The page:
We don’t usually cover media business news around these parts, but this is a significant one for hockey fans in the United States. ESPN, the biggest sports outlet in the world, laid off a huge number of its staffers Wednesday, including some of the most prominent NHL writers in the country.
ESPN has been dealing with declining cable subscriptions and increasing rights fees for live games over the past couple years, which has given the Disney-owned company some issues.
Among those who lost their jobs based on word from social media are Pierre LeBrun, Joe McDonald, and Scott Burnside. These are some of the most respected, experienced reporters in the hockey industry, and it’s a sign that ESPN may be planning to decrease its already paltry coverage of the sport going forward.
This, in a word, sucks. It sucks for those who lost their jobs, it sucks for the fans who get less great content to read, it sucks for everyone else in the industry who gets a reminder that the NHL, no matter how much we love it, will always be a second-class sport behind football and basketball.
ESPN’s layoffs aren’t exactly isolated in the hockey industry. CBS Sports recently rolled back its national coverage, and most other outlets have significantly more full-time writers covering the NBA and NFL than the NHL. Here at SB Nation, they have countless full-time staffers in other sports, but just one full-time person who focuses solely on hockey and the hockey network.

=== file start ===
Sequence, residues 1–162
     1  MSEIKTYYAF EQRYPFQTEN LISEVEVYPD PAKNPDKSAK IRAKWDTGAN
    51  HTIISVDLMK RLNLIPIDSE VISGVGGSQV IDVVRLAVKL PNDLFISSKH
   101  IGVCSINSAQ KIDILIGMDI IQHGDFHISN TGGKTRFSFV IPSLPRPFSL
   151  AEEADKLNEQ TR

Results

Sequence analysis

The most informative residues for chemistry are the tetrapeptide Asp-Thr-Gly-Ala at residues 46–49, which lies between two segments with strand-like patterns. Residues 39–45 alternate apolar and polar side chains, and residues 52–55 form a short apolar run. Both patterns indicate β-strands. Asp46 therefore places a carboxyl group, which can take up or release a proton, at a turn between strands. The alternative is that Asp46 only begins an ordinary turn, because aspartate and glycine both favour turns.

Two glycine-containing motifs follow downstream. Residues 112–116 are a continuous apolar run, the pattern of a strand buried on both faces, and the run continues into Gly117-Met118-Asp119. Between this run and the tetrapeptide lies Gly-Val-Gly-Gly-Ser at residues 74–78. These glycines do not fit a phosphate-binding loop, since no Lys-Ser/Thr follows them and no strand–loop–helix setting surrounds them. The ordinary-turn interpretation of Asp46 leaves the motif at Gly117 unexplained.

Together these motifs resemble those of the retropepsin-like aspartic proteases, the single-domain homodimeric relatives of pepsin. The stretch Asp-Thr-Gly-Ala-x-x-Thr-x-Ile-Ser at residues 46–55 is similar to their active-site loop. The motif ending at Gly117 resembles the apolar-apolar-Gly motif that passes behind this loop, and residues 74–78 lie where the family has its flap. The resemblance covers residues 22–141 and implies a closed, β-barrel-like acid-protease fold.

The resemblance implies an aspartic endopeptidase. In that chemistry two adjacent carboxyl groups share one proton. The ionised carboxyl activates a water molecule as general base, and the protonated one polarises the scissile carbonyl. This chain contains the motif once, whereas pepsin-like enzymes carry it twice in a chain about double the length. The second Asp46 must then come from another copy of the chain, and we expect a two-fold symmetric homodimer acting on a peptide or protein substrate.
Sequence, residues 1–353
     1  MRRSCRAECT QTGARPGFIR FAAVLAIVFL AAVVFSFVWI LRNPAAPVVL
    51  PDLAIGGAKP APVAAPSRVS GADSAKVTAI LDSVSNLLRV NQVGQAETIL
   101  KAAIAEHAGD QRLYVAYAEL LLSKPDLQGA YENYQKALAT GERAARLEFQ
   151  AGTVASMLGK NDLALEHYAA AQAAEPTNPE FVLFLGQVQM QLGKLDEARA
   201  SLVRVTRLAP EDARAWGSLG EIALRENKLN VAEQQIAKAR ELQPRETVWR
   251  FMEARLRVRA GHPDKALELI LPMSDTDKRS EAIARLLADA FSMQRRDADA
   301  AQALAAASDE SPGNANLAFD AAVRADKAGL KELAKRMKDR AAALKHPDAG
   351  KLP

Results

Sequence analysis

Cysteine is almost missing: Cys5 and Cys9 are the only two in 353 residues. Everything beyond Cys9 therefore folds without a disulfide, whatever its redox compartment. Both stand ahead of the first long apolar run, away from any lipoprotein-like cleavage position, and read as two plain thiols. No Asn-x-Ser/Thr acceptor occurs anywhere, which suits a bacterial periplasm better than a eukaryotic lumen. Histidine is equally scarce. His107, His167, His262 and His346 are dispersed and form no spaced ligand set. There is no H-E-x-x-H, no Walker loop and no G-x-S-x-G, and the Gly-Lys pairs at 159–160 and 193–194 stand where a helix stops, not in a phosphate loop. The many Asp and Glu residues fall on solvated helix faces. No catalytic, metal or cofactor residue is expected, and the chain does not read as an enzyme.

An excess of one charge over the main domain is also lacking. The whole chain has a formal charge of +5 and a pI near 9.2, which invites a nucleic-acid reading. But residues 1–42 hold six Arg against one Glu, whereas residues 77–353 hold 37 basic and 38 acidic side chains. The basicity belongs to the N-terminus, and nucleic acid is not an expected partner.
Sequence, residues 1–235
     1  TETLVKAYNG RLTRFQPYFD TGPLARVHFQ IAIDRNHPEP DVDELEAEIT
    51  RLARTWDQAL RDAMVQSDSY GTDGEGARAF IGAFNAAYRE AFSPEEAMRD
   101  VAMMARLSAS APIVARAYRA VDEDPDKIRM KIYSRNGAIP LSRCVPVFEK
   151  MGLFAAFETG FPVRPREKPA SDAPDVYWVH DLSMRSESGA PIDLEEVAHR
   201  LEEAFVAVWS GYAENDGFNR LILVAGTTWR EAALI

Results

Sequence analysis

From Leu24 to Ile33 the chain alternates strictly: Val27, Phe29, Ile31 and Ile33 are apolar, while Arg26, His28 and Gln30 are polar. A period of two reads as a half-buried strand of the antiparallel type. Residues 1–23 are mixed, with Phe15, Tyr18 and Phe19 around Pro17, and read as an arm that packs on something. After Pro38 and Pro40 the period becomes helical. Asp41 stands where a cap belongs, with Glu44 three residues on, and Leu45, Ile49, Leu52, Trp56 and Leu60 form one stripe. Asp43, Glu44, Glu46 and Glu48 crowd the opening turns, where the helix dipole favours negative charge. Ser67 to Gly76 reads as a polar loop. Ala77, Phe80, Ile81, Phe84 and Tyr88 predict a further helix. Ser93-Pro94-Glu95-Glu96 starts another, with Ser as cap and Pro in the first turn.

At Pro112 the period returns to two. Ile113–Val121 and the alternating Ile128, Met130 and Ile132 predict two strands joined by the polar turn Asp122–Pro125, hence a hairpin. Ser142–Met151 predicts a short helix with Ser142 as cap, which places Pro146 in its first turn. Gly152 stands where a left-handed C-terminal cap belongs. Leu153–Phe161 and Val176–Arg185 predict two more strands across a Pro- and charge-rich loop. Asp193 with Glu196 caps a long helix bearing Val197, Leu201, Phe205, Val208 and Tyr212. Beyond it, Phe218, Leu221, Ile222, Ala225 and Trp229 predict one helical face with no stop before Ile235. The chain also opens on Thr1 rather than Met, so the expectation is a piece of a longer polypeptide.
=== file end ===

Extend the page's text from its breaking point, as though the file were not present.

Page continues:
The reality is that these places operate purely on a numbers basis — what’s Chartbeat look like?!? — and I can tell you from firsthand experience that the NHL never reaches the traffic highs that websites see from covering Tom Brady, LeBron James, or Lionel Messi. Other than the rare exceptions when something like a Subban-for-Weber trade happens, the NHL doesn’t generate the kind of casual following that allows websites to go all out for the NFL draft because the numbers are there.
And when all these places have to decide how to allocate limited resources in the ruthless business of advertisement-funded media content, there’s a point where it makes more sense to funnel money toward more posts about LeBron than trying to convince people to care about Ryan Johansen and the Predators (although these layoffs now appear so extensive that they’re impacting coverage across multiple sports and platforms at ESPN).
This is the current reality of the NHL in the United States. It’s quite popular in some areas, but the national audience isn’t there for NBC to put more than a few games on the big station all year. And now we’re seeing that even ESPN is struggling to see the value in investing money into a sport that most people only care about a few times a year, if that. Craig Custance and Corey Pronman are the only two remaining full-time NHL writers at ESPN, and they’re both behind the Insider paywall.
Hopefully someone will figure out how to make NHL coverage work on a different level than it does now. Maybe the secret is to go smaller, not pursue growth on the level of a place like ESPN, and hope that hockey can get the equivalents to FanGraphs and Baseball Prospectus in that sport. Maybe the solution is going indy with platforms like Patreon. NHL.com keeps hiring, but the solution cannot be to turn over independent media coverage to reporters paid by the league.
Even if you didn’t love ESPN’s hockey coverage, this is terrible news. They could be a leader in helping establish a greater national hockey audience, but this is basically them saying they tried and they’re bailing for now. It’s the latest in a worrisome trend for U.S. hockey fans.